The Truth Is in the Answers

This month’s column is premised on the Socratic Method—contending with a series of questions and reflecting on your answers.

Socrates, high atop the hills of Greece more than two millennia ago, knew something about teaching life lessons. He learned that asking leading questions about a subject he wanted students to explore and understand produced better results than simply lecturing. So here goes.

Are you in danger of becoming a self-fulfilling prophecy or a caricature of your former self as a retail jeweler? If you covered up the name on your store and brought in some blindfolded women, could they tell which jewelry store they were in? Would they recognize the same product lines and point-of-sale displays you had in the sales cases and windows six months ago? Twelve months ago? If they were asked about the last time they got a catalog, postcard, e-mail, or personal note from someone in your store, could they answer the question?

Do you think the robust economy over the past eight or nine years has resulted in a minor boom for jewelry sales, especially for many new nontraditional jewelry retail outlets? Have you gotten your fair share of this new business? If not, why not? Do you think women have the sense that they have enough cheap and cheery jewelry, especially in today’s anemic retail sales environment? Are you guilty of having too much “me too” jewelry? Are you trying to improve and differentiate your customers’ buying experience in your store? Are you underestimating the sophistication of your customer and her desire for better-quality jewelry at a fair price? Are you dedicated to providing significant added value to your customers’ purchases? Are you making efforts to surprise and delight your best customers? Do your customers leave the store thinking they’ve made an excellent purchase at a fair price?

Are you doing anything differently today to compete with emerging retail jewelry channels? Are you starting lose business to the Internet? What was your experience when you launched your Web site? Do you have a Web site? Were you disappointed with the sales it generated? Are you doing anything to change your e-commerce strategy? Have you put up anything new on your Web site in the last seven days? Do you refresh a portion of your Web site content at least once a week?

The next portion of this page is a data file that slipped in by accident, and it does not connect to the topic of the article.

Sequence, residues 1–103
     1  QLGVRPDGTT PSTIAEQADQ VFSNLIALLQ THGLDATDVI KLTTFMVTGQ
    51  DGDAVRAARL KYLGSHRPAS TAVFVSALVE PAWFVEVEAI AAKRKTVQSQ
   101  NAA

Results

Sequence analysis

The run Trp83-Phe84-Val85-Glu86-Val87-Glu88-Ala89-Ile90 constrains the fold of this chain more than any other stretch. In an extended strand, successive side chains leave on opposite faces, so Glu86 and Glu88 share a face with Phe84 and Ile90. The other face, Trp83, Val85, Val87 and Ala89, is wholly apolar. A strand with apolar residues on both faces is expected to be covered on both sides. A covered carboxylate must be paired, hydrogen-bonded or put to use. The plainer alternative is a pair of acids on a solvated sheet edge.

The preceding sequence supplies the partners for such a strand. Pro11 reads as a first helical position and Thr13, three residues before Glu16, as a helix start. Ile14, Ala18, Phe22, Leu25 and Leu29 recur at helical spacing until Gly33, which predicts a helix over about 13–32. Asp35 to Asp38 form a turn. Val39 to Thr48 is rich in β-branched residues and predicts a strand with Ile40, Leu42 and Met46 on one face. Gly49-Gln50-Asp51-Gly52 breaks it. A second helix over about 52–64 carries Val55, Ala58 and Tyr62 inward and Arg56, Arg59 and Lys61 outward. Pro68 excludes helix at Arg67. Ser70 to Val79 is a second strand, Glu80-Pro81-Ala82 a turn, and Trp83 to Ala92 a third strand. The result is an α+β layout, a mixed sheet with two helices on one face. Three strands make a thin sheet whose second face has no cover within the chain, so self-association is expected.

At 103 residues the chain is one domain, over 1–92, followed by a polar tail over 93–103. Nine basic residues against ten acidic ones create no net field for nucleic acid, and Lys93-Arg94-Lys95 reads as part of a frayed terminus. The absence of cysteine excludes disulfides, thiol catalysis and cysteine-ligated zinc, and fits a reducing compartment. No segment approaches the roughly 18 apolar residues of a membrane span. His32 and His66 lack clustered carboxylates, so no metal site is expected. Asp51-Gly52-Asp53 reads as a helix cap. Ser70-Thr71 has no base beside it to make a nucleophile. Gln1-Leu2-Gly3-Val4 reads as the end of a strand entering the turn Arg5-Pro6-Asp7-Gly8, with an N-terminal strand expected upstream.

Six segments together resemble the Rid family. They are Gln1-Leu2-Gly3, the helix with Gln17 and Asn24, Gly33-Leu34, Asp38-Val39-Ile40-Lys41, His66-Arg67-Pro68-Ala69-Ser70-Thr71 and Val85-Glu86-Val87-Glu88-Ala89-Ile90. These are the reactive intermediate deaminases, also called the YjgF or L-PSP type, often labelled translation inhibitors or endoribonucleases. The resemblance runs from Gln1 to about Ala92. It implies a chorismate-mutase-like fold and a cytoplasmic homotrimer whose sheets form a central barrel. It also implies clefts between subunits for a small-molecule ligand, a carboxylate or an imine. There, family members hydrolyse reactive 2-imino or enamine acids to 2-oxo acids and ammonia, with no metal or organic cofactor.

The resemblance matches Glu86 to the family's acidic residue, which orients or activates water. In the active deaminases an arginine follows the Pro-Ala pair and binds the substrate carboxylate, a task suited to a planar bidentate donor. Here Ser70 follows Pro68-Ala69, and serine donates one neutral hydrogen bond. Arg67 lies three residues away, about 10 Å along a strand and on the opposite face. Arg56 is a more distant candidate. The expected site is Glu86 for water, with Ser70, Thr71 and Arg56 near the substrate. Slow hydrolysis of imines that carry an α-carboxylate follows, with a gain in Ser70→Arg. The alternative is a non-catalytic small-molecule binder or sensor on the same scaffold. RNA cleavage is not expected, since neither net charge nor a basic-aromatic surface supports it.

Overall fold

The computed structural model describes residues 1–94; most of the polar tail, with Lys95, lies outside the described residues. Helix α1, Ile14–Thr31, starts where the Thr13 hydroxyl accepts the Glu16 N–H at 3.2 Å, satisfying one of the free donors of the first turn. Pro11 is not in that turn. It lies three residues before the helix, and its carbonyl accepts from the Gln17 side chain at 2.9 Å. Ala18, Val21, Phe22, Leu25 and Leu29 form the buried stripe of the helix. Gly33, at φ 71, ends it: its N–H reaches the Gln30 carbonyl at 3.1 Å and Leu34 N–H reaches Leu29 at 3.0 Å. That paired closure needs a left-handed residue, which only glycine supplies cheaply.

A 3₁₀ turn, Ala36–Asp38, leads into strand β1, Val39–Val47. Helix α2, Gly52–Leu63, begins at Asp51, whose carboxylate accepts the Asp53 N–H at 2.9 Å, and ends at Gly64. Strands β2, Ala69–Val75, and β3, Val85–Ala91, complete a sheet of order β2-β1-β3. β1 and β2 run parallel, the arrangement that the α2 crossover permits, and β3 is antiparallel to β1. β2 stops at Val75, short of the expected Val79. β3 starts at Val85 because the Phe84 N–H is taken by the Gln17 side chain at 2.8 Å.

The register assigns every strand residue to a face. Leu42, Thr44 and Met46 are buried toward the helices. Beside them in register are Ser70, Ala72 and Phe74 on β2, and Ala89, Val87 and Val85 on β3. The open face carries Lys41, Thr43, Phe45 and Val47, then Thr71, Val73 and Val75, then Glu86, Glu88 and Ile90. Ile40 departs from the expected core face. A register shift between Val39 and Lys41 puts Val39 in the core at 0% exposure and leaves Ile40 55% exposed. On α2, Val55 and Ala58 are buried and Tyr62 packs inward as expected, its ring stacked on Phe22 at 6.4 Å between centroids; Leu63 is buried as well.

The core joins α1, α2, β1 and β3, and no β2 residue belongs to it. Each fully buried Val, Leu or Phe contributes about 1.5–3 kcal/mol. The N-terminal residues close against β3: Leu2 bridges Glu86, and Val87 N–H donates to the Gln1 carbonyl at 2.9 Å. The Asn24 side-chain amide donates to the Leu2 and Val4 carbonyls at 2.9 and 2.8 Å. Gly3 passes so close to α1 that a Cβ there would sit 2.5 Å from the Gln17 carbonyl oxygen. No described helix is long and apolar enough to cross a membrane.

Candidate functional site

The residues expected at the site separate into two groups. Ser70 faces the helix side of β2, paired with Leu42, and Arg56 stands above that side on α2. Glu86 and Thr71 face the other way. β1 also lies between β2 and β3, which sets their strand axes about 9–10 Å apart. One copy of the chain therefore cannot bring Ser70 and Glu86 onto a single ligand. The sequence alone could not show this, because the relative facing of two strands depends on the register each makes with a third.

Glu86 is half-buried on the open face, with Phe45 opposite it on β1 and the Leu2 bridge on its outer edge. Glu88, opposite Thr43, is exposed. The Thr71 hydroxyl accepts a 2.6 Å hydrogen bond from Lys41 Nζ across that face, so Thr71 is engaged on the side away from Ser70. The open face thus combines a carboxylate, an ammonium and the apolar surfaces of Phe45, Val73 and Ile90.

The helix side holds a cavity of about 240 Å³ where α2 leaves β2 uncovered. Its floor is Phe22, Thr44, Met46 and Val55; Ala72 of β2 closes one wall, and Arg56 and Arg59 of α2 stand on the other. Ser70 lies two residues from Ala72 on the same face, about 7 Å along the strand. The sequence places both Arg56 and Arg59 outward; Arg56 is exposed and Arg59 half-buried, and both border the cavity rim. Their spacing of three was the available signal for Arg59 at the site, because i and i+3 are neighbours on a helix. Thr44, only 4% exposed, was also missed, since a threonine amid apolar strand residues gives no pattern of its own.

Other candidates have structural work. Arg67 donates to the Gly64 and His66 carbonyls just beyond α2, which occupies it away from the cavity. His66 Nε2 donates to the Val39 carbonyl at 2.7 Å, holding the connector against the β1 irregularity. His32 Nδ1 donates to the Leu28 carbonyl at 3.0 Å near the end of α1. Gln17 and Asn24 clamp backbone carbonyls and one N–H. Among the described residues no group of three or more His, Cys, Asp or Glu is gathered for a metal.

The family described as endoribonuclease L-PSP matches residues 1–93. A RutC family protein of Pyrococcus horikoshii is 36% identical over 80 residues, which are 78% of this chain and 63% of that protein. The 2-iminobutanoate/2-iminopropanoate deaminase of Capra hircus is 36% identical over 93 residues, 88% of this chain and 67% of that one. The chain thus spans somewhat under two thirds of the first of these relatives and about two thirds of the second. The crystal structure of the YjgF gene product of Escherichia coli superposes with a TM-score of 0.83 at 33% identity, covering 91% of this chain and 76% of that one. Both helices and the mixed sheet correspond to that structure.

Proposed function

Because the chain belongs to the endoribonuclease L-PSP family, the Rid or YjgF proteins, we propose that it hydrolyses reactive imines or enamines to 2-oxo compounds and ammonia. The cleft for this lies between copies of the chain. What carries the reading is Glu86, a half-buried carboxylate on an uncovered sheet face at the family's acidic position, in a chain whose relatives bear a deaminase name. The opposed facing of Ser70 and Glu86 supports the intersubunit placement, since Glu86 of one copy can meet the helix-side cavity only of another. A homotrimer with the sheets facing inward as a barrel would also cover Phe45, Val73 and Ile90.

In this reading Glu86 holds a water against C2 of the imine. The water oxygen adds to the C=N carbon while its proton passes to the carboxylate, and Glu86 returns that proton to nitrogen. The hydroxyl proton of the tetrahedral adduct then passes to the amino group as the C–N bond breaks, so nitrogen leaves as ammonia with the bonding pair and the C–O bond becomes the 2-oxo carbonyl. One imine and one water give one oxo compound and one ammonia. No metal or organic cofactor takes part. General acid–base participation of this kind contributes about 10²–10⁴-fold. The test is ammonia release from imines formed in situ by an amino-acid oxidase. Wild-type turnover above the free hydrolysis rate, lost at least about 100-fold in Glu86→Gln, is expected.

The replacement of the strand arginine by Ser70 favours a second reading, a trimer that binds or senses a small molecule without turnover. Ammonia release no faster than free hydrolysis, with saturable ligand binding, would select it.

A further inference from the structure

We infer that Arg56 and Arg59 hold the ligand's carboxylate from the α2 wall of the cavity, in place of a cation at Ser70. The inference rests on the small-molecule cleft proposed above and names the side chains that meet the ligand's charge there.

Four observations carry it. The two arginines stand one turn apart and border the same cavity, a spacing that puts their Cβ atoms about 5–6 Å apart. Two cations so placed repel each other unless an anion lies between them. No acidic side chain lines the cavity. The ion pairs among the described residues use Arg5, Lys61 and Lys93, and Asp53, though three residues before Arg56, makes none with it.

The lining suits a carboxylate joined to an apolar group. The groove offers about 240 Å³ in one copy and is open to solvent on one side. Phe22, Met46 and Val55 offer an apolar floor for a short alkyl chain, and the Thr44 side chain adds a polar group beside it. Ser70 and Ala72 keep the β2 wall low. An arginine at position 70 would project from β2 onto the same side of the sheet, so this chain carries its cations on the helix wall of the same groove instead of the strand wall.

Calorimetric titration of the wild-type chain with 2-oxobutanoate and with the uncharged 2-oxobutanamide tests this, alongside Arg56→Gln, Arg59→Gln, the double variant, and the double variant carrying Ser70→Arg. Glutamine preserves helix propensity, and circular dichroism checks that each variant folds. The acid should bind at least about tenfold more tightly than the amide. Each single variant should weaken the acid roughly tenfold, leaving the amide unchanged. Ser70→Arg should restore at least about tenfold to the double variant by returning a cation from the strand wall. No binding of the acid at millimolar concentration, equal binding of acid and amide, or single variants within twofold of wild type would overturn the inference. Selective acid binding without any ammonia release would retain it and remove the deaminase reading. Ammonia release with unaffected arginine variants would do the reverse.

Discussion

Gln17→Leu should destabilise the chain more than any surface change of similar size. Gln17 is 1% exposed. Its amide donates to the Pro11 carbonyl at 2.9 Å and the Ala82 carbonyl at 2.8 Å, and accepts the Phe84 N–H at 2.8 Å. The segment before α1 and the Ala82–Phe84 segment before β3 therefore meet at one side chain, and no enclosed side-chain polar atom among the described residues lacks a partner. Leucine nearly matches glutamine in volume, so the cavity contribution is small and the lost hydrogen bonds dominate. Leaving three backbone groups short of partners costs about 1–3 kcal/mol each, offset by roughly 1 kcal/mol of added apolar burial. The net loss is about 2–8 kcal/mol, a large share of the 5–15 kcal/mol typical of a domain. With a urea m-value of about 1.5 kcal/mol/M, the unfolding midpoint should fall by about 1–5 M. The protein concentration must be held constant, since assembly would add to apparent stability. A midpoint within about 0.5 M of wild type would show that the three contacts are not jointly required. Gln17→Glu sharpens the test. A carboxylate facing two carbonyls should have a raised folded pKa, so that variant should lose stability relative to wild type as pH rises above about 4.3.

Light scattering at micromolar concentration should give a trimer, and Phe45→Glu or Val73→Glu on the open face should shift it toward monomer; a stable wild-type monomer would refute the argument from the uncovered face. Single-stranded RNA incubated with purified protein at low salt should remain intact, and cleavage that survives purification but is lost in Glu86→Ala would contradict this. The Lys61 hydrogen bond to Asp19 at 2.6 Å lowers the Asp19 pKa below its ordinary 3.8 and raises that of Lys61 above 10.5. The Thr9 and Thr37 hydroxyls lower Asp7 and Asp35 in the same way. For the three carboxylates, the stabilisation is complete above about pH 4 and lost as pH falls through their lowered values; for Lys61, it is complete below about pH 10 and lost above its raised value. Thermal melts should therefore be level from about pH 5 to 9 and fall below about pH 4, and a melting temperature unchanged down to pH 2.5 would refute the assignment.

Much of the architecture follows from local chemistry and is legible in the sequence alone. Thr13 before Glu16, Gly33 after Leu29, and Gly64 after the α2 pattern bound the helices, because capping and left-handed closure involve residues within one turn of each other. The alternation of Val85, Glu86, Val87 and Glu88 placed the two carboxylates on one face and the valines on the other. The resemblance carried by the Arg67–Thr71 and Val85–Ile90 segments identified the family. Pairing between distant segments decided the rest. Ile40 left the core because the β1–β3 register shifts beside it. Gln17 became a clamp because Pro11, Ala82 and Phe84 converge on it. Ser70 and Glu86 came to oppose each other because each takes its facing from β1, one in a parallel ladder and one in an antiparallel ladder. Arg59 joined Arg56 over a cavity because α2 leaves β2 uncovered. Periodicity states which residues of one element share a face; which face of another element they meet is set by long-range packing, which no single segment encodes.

Have you asked your customers, after the fact, if they were happy about their purchase and if there was anything else they’d like you to do next time they’re in the store to improve their sales experience? Did you ask if they would buy more jewelry from you? If they said they wouldn’t, did you press them to find out why they think they won’t be buying from you? Have you heard of some of the easy-to-use and inexpensive online survey companies like SurveyMonkey.com? Did you thank the customers with whom you spoke for their time and candor? Did you offer them a thank-you gift in the form of a nice engraved mechanical pencil or pen (with your name subtly etched on it), a Post-it Notes pad and holder (with your name lightly shadowed on both), or a discount coupon?

Have you changed some of your sales cases, rearranged in-store lighting to create dramatic new effects, and replaced or rotated out at least 20 percent of your old point-of-sale neck forms, counter pads, and display stands in the past four months? Have you talked with vendors about supplying you with new postcards, brochures, and Dura-Trans posters to freshen up their materials? When you placed a new incremental order for their product, did you ask for some additional merchandise, exclusive to your area, on a temporary consignment basis?

So many questions, so many answers to ponder. Socrates was on to something, wasn’t he?

SOCRATIC QUESTIONING

“Can be used to pursue thought in many directions and for many purposes, including: to explore complex ideas, to get to the truth of things, to open up issues and problems, to uncover assumptions, to analyze concepts, to distinguish what we know from what we don’t know, and to follow out logical implications ofthought. … Socratic questioning is systematic, disciplined, and deep, and usually focuses on foundational concepts, principles, theories, issues, or problems.”

Source: Wikipedia

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